Figure 3

Grand-averaged event-related potential (ERP) waveforms elicited by target (right column) and non-target (left column) at Fz, Cz and Pz sites. Solid line indicates male participants (n = 12), and dotted line indicates female participants (n = 10).

No significant gender differences in response accuracies or reaction times were seen (response accuracies: t = −1.85; reaction times: t = 0.81; all df = 20, all P > 0.05).

Discussion

The present study investigated gender differences in N170 elicited under the oddball task, in order to identify effects of task demand on gender differences in early facial processing. We found that females showed more negative N170 in response to target than non-target, whereas males did not show any difference in N170 between response to target and non-target (Figure 2). This suggests that females tend to show increased early attention when responding to faces actively (target) compared to viewing faces passively (non-target). This finding supports a previous study [4] that suggested females, compared to males, are more sensitive to N170 modulation by task demand.

One possible explanation of the present result is biological specialization between males and females. As mentioned in the introduction, females generally have less physical attributes (size, strength and speed) compared to males and have traditionally played a social role in raising children through gauging emotional states of infants from their faces [17]. Thus, in terms of survival for themselves and their children, females might have needed to be especially sensitive to facial expressions requiring active response, compared to males.

On the other hand, the current results indicated that both males and females showed more negative N170 in the right posterior temporal area (T6) than in the left posterior temporal area (T5) (Figure 1). This is not consistent with previous studies that have reported gender differences in the hemispheric asymmetry of N170 [5-8]. In those studies [5,6], males showed right hemispheric dominance of N170, whereas females showed N170 over both right and left hemispheres. At this point, explaining this difference between the previous and present results relating to asymmetry in N170 seems to be difficult, and future research is thus needed to address this question.

Several limitations must be considered when discussing the present results. First, the number of participants (12 males and 10 females) was smaller than previous studies of gender difference in N170 (14 males and 14 females [4]; 20 males and 20 females [5]; 25 males and 25 females [6]). Second, target faces were emotional faces and non-target faces were emotionally neutral faces in the present study. The possibility must be considered that increased attention to targets in females might be affected by not only the effect of target but also the effect of emotion. Further research is warranted to clarify this issue.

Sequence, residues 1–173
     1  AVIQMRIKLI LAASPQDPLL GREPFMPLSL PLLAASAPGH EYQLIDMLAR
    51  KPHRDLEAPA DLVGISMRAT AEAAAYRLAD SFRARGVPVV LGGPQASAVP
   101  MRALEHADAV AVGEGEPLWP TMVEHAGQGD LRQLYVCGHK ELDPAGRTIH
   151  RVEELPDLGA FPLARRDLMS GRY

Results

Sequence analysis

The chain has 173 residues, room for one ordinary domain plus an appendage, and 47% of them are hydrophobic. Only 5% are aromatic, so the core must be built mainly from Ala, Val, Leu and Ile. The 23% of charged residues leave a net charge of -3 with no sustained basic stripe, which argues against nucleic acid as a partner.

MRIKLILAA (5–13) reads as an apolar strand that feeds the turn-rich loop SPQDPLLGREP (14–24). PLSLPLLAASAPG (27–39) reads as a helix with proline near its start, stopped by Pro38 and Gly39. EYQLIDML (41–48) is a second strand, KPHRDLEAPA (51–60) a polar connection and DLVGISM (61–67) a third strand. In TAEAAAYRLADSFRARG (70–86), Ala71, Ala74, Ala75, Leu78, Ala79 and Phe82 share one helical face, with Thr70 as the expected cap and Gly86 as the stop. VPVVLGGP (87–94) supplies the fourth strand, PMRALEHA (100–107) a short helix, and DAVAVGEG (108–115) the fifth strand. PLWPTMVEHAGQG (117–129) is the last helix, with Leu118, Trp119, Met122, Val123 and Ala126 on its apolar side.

In conclusion, we found more negative N170 elicited by target than non-target in females but not in males. This suggests that only females might show increased early-stage attention when actively responding to faces than when viewing faces passively. Task demand thus seems to be an important factor in gender differences in N170, as suggested by previous studies.

Abbreviations

ANOVA: 

analysis of variance

EEG: 

electroencephalography

EOG: 

electrooculography

ERP: 

event-related potential

Declarations

Acknowledgements

The authors sincerely thank the participants of the study.

Authors’ Affiliations

(1)
Department of Kansei Science, Kyushu University
(2)
Department of Public Health, Nagasaki University Graduate School of Biomedical Sciences
(3)
Faculty of Design, Kyushu University

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Copyright

© Choi et al.; licensee BioMed Central. 2015

This is an Open Access article distributed under the terms of the Creative Commons Attribution License (http://creativecommons.org/licenses/by/4.0), which permits unrestricted use, distribution, and reproduction in any medium, provided the original work is properly credited. The Creative Commons Public Domain Dedication waiver (http://creativecommons.org/publicdomain/zero/1.0/) applies to the data made available in this article, unless otherwise stated.